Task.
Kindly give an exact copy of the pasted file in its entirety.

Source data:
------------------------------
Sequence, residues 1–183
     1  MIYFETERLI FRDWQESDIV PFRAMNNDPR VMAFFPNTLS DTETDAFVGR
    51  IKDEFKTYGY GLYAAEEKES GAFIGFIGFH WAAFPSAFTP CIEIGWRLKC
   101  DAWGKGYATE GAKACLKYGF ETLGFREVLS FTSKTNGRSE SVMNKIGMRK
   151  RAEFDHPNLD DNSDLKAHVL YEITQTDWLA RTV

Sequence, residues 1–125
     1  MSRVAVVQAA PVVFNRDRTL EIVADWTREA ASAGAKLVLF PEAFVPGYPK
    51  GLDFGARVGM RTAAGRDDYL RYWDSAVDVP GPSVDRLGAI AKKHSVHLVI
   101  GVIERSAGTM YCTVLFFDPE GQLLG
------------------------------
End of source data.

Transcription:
Sequence, residues 1–183
     1  MIYFETERLI FRDWQESDIV PFRAMNNDPR VMAFFPNTLS DTETDAFVGR
    51  IKDEFKTYGY GLYAAEEKES GAFIGFIGFH WAAFPSAFTP CIEIGWRLKC
   101  DAWGKGYATE GAKACLKYGF ETLGFREVLS FTSKTNGRSE SVMNKIGMRK
   151  RAEFDHPNLD DNSDLKAHVL YEITQTDWLA RTV

Sequence, residues 1–125
     1  MSRVAVVQAA PVVFNRDRTL EIVADWTREA ASAGAKLVLF PEAFVPGYPK
    51  GLDFGARVGM RTAAGRDDYL RYWDSAVDVP GPSVDRLGAI AKKHSVHLVI
   101  GVIERSAGTM YCTVLFFDPE GQLLG